ACQUISITIONS IN ST. DOMINGO. CAPTURE OF MARTINIQUE, &c. St. DOMINGO, in a remarkable degree, had THE British government prepared a for- suffered the mischievous effects of the midable armament to act against the colo- French revolution. When the people in the nies of France in the West Indies. On the mother country asserted their right to freethird of November, 1793, this expedition dom, the claims of the colonial subjects of sailed; the land forces consisted of about France were also recognized;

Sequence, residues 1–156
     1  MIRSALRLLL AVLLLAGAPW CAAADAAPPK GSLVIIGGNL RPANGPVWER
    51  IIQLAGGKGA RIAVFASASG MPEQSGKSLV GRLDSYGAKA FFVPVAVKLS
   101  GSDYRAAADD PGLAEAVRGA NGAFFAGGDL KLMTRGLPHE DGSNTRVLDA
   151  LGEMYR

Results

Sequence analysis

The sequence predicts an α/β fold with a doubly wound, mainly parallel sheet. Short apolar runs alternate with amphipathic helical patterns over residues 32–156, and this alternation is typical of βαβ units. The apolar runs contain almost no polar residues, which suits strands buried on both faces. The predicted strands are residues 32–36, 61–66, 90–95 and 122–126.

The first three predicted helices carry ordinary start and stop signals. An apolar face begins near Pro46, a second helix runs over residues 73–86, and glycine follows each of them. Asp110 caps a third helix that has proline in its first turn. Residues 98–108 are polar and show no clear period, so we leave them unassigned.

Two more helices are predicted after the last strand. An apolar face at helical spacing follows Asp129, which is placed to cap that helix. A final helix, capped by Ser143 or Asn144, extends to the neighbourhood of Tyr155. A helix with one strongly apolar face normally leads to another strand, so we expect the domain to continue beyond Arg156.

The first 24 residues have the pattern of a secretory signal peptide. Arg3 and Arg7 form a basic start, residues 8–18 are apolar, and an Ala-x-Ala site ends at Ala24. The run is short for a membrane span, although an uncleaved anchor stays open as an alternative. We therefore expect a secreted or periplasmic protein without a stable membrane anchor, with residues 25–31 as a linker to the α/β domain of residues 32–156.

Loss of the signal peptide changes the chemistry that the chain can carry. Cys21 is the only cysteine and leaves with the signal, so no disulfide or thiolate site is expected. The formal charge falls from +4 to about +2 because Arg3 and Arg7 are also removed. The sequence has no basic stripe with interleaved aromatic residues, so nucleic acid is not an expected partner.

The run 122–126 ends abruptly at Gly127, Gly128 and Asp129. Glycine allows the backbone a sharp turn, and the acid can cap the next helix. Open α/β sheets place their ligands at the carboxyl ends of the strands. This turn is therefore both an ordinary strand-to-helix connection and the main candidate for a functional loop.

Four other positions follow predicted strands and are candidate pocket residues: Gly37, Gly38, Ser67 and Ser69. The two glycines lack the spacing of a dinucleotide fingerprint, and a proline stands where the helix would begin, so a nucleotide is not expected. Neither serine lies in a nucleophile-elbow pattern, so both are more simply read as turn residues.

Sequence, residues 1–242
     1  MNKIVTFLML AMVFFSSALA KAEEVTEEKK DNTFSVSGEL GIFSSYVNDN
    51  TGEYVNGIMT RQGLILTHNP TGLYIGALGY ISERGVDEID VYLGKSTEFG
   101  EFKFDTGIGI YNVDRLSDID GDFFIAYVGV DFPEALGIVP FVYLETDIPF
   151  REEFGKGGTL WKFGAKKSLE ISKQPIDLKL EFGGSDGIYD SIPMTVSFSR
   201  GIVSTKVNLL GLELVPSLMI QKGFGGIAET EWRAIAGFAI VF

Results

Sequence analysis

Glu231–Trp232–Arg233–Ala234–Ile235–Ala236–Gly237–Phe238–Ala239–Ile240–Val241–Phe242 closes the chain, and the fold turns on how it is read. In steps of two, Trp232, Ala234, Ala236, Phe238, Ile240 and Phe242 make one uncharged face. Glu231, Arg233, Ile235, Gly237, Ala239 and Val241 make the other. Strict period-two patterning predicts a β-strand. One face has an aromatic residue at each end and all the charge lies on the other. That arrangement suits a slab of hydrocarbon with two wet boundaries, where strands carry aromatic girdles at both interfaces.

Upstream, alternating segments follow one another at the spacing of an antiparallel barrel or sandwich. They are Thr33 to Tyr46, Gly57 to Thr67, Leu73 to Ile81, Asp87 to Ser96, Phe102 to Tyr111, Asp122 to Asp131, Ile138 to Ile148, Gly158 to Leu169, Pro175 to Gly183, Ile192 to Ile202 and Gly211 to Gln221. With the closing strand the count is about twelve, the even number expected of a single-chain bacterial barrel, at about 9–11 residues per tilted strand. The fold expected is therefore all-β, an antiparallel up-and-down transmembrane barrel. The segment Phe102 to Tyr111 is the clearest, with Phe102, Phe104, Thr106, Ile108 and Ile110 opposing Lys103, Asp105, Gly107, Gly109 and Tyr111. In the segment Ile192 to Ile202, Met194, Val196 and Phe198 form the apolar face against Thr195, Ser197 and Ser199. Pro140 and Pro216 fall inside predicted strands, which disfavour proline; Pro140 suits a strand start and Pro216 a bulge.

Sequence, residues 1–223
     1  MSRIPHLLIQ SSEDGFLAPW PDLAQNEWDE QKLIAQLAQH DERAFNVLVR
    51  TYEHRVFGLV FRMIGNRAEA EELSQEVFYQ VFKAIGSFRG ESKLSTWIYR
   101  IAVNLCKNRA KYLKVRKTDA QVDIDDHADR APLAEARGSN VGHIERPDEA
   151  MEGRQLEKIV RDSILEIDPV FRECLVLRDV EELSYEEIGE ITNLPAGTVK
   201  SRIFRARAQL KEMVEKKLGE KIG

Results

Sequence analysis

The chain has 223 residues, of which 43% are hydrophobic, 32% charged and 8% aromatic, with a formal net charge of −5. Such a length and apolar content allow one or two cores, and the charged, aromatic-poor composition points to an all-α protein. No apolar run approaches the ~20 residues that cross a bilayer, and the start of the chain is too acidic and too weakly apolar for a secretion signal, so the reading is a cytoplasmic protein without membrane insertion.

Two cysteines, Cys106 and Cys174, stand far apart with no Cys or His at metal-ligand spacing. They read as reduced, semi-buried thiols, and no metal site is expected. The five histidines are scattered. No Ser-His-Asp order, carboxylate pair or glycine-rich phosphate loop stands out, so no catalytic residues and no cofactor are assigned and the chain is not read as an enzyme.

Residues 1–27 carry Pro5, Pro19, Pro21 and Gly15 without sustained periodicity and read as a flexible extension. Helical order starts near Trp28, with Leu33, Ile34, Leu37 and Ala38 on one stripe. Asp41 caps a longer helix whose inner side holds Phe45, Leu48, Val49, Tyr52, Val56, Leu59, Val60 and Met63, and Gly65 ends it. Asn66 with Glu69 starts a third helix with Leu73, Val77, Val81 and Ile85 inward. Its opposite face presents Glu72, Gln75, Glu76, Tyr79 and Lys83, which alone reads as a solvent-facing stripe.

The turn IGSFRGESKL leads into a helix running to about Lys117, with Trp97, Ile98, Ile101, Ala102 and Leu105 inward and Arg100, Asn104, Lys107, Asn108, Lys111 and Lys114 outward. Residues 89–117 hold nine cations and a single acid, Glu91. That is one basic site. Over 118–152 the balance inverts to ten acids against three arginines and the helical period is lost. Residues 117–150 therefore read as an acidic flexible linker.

and a society, six thousand troops, under the command of called Les Amis des Noirs, (Friends of the Sir Charles Grey; and the naval armament, Negroes,) warmly supported the pretensions consisting of four ships of war, nine frigates, of the slaves to emancipation, and of the a bomb-ketch, a few gun-boats, and several mulattoes to all the privileges enjoyed by store-ships, under Sir John Jervis. Having the white inhabitants. The declaration or rendezvoused in Carlisle Bay, Barbadoes, rights promulgated by the National Assemthey sailed on the third of February, 1794, bly increased the ferment which the first into the attack of Martinico, which surrender-telligence of the revolution had produced in ed, after a resolute resistance of seven the islands; and violent disturbances and weeks. Fort Royal was carried by escalade, contests were apprehended. Deputies from with extraordinary exertions of valor, par- the different districts of the French part of ticularly on the part of captain Faulknor, of St. Domingo met, by the king's order, to the Zebra, who entered the harbor through prevent tumults and reform abuses; but the fire of all the batteries, and laid his sloop their endeavors were opposed by the partialongside the walls, which he scaled in de- sans of the old régime, and the governor fiance of repeated volleys of grape-shot. As dissolved the Assembly. Many of the represoon as the reduction of Martinico had been sentatives sailed to France to justify their effected, the troops were reimbarked, and conduct; and, during their absence, Ogé, landed on the island of St. Lucia, which ca- an enterprising mulatto, found means to expitulated on the fourth of April; and upon cite an insurrection ; but it was quickly supthe eleventh of the same month the fleet pressed, and his life was sacrificed to public and army arrived off Guadaloupe, which, af-justice. The claims of his brethren, howter a short but brave defence, surrendered, ever, were confirmed by a decree of the with its dependencies, on the twentieth. ruling assembly of the parent state, which After these glorious successes Sir Charles admitted them to all the privileges of French Grey returned to Martinico, leaving general citizens, on the fifteenth of May, 1791. Dundas to command at Guadaloupe. About When a new colonial assembly deliberated this time a French squadron appeared off on the conduct which prudence required at the island, from which a body of troops land- this crisis, the slaves in the neighborhood of ing under the command of a most daring Cape François attacked the whites, murderand skilful leader, Victor Hugues, attacked ed a great number of them, and destroyed Fort Fleur d'Epée, which they carried by the plantations. The insurrection soon storm; and the English retreated with con- spread to other districts; and though many siderable loss to Fort Louis : this was also hundreds of the negroes and their confedsoon evacuated, and the troops, shattered erates were slain in battle or perished by and disheartened, took refuge in Basseterre. famine, they seemed to multiply like the Sir Charles Grey, on the first intelligence heads of the hydra. Commissioners were of this attempt, sailed from St. Kitt's with sent from France to heal the disorders of all the force he could collect, and, landing the colony; but they produced, by their mison the island of Guadaloupe, on the nine- conduct, a civil war among the whites, and teenth of June, made an attempt on the post invited to their aid a body of rebel negroes, of Point-à-Petre on the second of July. who perpetrated a horrible series of massaAfter great efforts of valor, however, he was cres at Cape François, and in June, 1793, repulsed, with the loss of six hundred men. burnt the greater part of the town. Upon this the forces were reimbarked, and The convulsions of the colony induced Basseterre, after a long and vigorous resist- many of the planters to solicit succor from ance, with the whole island and its depend-/ the British government; and major-general